For the past few years, gravel riding has seen a huge surge in popularity. So much so that various companies have rushed out all sorts of gravel-specific bikes and components. That includes a variety of handlebars, some of which are described as being designed specifically for gravel riding. Typical features of gravel-specific handlebars include wider-than-normal widths, shorter reach, and flared drops. It’s a type of bar that has received a lot of attention, both good and bad.
The impact that this class of handlebar has on a bike is significant and not without some pros and cons. As such, because of their design, you really have to dig in and know what your goals are to better understand whether they’ll be a good fit for your style of riding. Let’s look at a few points that will aid in your decision as well as dispel some of the myths surrounding gravel handlebars.
Gravel Handlebars Aren’t Good for Racing
The ire of gravel handlebars is perhaps the impetus for writing this article. Some people either really hate gravel handlebars or simpler don’t get them. Which is understandable from a certain point of view. Riders who enjoy the competitive side of things and like to race tend to be pretty critical of wider gravel handlebars...which is fair when you consider the goals of this type of rider. Simply put: If speed is what you’re after then gravel handlebars will likely disappoint you.
As many have pointed out, flared handlebars have a negative impact on the aerodynamics of the rider. Riding in the drops of a flared bar requires riding with a more wider stance, which compromises the typical aero stance one would have while riding on a more typical road handlebar with little to no flare. Plus, most gravel handlebars have a more compact drop. End result is a stance that is a bit more upright with elbows out due to the hand position required by the flared drops. This causes more air drag that results in a loss in speed, especially on downhill runs.
So, yeah...flared handlebars aren’t exactly a great recipe for speed. So, if they’re not good for racing, what are they good for?
Gravel Handlebars Are Great for Non-Competitive Rides
If you’re a non-competitive cyclist then a gravel-oriented set of handlebars might be of interest to you. And not just gravel riding either. The same style of bars are also good for bike packing, touring, and/or just about any long bike ride. These are rides that are less about speed and more about the overall experience.
Even when you’re bombing down a big gravel hill you’re less likely to worry about how fast you’re going. Your focus is more on the overall joy of just riding downhill at a higher than normal rate of speed. It’s not about winning races. It’s just about being in the moment. As such, handlebars that fit your style of riding can add so much to the experience, which could very well be a set of gravel handlebars.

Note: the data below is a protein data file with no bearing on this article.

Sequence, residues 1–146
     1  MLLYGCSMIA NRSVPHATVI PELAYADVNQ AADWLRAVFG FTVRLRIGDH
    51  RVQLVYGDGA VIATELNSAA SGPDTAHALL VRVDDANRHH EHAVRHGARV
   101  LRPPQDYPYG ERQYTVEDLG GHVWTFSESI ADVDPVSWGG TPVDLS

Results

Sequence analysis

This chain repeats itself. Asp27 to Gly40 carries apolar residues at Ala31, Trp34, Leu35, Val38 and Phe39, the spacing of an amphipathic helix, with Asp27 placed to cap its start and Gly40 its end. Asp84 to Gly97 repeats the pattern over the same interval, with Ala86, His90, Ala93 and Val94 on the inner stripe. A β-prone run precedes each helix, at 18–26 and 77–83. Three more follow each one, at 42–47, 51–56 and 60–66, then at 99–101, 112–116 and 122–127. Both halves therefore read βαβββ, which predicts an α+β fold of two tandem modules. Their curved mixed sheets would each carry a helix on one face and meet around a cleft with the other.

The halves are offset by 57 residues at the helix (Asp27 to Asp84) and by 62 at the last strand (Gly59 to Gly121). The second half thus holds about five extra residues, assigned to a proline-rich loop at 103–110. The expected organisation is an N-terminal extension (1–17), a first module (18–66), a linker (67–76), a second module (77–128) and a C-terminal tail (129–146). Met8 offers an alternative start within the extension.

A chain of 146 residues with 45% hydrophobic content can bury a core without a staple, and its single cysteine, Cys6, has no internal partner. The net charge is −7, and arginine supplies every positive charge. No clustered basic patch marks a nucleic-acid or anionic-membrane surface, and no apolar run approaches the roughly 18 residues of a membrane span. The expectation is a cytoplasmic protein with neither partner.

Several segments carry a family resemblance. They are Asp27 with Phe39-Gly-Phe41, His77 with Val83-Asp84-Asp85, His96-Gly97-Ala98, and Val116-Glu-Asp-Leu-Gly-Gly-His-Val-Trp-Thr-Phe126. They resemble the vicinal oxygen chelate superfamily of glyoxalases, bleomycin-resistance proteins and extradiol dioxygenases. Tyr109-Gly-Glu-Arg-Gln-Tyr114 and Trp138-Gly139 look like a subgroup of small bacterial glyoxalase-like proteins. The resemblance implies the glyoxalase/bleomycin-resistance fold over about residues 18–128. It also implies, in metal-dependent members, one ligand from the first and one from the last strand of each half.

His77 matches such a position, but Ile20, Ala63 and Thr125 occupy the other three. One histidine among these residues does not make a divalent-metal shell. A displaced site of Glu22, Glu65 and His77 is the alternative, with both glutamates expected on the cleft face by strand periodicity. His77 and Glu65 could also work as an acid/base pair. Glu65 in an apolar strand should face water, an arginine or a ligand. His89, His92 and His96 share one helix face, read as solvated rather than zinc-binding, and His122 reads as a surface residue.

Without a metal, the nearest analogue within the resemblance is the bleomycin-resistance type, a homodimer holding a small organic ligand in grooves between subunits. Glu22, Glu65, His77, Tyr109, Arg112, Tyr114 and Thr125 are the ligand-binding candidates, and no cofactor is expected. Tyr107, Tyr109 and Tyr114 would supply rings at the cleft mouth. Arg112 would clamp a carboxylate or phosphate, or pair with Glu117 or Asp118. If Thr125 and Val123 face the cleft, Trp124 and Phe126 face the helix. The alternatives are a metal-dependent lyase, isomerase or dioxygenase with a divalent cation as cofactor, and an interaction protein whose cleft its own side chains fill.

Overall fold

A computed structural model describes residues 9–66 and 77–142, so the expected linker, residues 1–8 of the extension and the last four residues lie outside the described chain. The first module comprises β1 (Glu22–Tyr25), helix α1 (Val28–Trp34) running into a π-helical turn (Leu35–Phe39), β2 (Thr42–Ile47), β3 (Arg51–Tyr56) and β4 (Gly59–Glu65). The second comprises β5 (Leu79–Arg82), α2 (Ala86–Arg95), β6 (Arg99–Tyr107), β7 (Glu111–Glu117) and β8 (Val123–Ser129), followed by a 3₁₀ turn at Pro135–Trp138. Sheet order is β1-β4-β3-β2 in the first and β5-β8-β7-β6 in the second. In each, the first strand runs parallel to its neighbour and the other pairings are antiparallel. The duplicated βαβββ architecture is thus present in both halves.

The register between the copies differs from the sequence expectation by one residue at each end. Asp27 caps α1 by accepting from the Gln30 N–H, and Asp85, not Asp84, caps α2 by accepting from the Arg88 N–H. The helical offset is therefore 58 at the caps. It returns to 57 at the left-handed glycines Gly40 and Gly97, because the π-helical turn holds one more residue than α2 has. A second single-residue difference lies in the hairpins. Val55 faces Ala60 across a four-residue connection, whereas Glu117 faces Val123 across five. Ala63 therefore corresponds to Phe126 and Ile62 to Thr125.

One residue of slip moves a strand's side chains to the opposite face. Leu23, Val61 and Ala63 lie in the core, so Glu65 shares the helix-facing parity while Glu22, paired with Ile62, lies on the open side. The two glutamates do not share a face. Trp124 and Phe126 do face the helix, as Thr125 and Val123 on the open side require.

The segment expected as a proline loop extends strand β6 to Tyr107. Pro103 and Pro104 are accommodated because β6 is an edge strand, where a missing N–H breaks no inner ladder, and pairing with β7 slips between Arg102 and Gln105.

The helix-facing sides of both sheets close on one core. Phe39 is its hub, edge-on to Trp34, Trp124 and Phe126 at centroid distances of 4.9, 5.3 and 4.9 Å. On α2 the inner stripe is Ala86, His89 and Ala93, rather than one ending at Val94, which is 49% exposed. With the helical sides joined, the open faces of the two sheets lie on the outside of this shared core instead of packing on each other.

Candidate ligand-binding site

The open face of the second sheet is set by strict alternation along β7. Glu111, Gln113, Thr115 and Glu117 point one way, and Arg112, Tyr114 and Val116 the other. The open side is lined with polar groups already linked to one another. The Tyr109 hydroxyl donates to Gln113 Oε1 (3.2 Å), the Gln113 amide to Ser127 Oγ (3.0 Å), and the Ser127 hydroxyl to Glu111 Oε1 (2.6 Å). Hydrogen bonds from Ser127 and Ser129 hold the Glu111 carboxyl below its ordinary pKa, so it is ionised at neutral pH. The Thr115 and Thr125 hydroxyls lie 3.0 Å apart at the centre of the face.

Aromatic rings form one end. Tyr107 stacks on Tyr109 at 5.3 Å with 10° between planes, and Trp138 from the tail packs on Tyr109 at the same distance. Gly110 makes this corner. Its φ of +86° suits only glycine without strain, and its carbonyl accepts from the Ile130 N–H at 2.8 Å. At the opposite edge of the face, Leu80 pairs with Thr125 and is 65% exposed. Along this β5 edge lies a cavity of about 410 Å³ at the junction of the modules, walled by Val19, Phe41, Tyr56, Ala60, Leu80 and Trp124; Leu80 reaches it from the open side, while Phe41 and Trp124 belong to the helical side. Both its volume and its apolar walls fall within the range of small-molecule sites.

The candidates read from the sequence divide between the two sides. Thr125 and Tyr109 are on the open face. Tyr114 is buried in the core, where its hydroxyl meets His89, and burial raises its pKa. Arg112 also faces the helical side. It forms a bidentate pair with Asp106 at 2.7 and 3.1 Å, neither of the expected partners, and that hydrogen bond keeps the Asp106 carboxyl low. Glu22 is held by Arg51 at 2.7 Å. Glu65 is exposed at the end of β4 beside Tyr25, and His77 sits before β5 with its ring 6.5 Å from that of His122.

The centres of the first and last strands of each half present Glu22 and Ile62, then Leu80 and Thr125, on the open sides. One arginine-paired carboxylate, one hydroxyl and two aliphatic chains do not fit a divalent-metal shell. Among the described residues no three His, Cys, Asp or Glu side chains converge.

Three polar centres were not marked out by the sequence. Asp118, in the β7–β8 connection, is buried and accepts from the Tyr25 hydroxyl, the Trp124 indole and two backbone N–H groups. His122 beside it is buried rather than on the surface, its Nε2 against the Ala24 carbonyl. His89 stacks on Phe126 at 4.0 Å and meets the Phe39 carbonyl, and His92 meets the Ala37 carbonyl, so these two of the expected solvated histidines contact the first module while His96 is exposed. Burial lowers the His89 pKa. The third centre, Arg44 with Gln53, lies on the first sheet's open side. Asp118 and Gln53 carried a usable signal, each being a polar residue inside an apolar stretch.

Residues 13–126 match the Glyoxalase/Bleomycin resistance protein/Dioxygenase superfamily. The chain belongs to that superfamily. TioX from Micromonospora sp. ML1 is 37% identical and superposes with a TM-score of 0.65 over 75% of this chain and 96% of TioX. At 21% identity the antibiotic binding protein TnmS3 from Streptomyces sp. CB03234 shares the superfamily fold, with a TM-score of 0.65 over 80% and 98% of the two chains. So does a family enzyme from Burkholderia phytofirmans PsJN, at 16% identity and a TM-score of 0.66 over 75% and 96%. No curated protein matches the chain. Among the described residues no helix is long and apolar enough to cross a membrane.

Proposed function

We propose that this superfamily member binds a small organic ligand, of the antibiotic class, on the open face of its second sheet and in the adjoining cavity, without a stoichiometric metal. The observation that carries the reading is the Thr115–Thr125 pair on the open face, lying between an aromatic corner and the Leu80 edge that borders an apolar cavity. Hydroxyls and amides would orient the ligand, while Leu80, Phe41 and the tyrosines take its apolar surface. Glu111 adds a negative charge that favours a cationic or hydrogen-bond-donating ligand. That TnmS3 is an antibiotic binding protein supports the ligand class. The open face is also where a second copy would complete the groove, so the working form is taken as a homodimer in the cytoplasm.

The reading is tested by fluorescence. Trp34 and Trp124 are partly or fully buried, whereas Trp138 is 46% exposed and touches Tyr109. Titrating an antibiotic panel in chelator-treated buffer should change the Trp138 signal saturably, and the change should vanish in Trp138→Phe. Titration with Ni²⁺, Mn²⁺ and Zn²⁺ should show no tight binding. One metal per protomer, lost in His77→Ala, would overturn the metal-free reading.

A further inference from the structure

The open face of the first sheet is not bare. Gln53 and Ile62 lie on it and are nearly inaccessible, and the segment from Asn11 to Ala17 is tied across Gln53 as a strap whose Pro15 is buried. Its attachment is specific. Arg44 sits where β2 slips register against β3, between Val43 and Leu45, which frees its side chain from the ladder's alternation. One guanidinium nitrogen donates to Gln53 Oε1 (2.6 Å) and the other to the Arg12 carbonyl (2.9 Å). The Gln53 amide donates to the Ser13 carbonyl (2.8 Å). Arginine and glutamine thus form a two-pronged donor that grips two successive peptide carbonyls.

I remember the first time I dive bombed down a big gravel hill. I picked up some pretty good speed; probably going around 20 to 22 mph which, for me, is pretty damn fast to be going down a gravel road. Now, I’ve gone down big gravel hills before. Just not at that speed. The difference was that I was riding on a handlebar with a good amount of flare and outsweep. It not only felt more stable but also more comfortable. It made me feel more in control over the road ahead of me, which is precisely the point of gravel handlebars.
Gravel Handlebars Are All About Comfort and Stability
The effect of wider handlebars, especially ones with some flare to them, is one that can lead to more comfort and stability on the bike. Riding on a bar like this requires that you open your arms and shoulders. This defers from a more traditional position where the rider’s arms are closer to the body in a more aero stance. Granted, the degree of this effect largely depends on the width and design of the bar itself. Regardless, depending on the rider’s physique and comfort level, this position can be far more comfortable for long rides, especially on tougher gravel terrain.
The concept of wider dropbar handlebars basically is an attempt to borrow ideas from mountain bike handlebars. Wider bars are used on mountain bikes in order to give the rider more stability and control. The same effect happens with wider dropbars as well. A wider bar smooths out handling, especially on bikes that have a steeper headtube angle. Plus, a wider stance with elbows out is a more stable position than one where elbows are closer to the body. Adding some flare to the drops enhances this effect, making riding in the drops even more stable.
You could say that gravel handlebars are a cross between a standard road handlebar and a mountain bike handlebar. Basically, the width and stability of a mountain bike handlebar with the versatility of a road handlebar. Unlike the straight handlebars on mountain bikes, a gravel handlebar offers more hand positions, which leads to far more comfort on longer rides.
Wider Bars Add More Comfort and Control...To A Point
While widening a handlebar can definitely smooth out handling and add more control for the rider, there are limits to how wide one can go before the benefits start to disappear. Much of this depends on both the rider and the bike setup.
With any handlebar, regardless of whether it’s a mountain bike or road handlebar, widening the bar causes an increase in the reach. The wider the bar, the farther a rider has to reach to put their hands on the bar. To illustrate this, take a look at the diagram below: